Each year, nearly a million people come legally to America. Today, nearly one in ten people in America was born in another country; one in five schoolchildren is from immigrant families. Today, largely because of immigration, there is no majority race in Hawaii or Houston or New York City. Within five years there will be no majority race in our largest state, California. In a little more than 50 years there will be no majority race in the United States. No other nation in history has gone through demographic change of this magnitude in so short a time.
Those migrants have arrived even faster than Clinton predicted. Some 5 million of them live here in a strange quasi-legal status concocted by President Obama’s lawyers and contested in the courts. Another 6 million or so remain outside the law altogether.
To absorb and acculturate those migrants who will be staying, to protect the country against extremist ideologies that may have entered with them or that may arise among them: These are demanding tasks for an activist central government. Neglect these tasks, and uncontrolled demographic change will up-end the political stability of any country—as we’ve seen in Europe over the past decade and in the United States over the past year.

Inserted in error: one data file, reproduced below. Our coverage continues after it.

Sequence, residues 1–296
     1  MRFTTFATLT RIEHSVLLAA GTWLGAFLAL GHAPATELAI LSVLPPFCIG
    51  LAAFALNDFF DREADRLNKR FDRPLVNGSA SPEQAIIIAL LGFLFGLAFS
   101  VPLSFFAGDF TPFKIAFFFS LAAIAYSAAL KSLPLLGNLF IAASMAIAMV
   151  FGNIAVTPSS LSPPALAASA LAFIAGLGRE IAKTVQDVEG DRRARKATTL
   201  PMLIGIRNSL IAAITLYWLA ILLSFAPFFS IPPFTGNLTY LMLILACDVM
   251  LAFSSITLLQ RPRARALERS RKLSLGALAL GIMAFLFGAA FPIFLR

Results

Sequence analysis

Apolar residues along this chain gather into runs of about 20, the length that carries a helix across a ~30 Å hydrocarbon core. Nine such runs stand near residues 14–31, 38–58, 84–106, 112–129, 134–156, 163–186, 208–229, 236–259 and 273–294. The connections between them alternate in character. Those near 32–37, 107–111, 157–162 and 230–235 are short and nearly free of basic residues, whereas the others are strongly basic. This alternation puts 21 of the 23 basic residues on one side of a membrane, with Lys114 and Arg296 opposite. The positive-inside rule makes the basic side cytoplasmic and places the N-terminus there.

In a county as diverse as the United States is becoming, national citizenship will often be the only thing that Americans share: not language, not culture, and alas not commitment to common civic ideals. The next generation of Americans is split even over such a seemingly fundamental ideal as freedom of speech: 40 percent of millennials believe that government should censor speech that offends certain minority groups.
The last thing Americans still share is the bond they should be most concerned to strengthen and enrich—lest the fractured Republic descend into a fissiparating republic, dividing and subdividing into mutually alien, mutually mistrustful, mutually hostile cantons and not the empowered communities that Yuval Levin so inspiringly invokes. Levin is clearly right that centralizing political power in Washington is not the answer. But the hope that through subsidiarity Americans will discover an “ethic of restraint and toleration” that has eluded them over the past few decades—that hope may just be too faint for the demands of our time.